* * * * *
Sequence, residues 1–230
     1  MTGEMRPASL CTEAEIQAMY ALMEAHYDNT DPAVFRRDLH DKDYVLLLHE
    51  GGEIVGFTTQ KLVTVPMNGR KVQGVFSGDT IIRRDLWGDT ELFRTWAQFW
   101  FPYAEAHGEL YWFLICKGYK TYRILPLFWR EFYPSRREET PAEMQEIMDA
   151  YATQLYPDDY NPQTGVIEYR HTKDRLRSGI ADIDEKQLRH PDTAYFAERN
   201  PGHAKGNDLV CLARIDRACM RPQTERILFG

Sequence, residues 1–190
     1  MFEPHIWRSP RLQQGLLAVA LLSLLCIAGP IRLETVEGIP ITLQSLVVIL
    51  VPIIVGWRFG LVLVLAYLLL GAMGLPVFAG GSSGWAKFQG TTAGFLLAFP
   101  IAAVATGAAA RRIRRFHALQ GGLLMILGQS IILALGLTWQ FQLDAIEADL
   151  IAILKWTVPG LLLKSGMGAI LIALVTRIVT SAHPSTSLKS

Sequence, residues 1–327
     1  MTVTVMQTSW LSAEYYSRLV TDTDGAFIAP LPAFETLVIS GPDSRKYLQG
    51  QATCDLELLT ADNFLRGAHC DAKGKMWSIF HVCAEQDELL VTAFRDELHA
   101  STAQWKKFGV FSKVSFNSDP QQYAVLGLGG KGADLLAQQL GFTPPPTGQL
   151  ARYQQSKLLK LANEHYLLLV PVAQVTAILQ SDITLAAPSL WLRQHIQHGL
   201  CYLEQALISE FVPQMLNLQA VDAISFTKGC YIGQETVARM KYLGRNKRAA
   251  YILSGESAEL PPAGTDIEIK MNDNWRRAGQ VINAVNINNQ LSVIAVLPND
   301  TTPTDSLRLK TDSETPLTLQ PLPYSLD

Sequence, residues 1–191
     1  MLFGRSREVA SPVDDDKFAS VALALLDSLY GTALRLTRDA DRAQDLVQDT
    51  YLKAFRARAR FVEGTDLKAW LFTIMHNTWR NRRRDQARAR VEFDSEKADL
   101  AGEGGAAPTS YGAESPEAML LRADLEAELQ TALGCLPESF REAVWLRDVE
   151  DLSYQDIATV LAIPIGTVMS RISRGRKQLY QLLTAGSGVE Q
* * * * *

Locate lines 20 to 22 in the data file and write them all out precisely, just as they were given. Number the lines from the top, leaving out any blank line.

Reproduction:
Sequence, residues 1–191
     1  MLFGRSREVA SPVDDDKFAS VALALLDSLY GTALRLTRDA DRAQDLVQDT
    51  YLKAFRARAR FVEGTDLKAW LFTIMHNTWR NRRRDQARAR VEFDSEKADL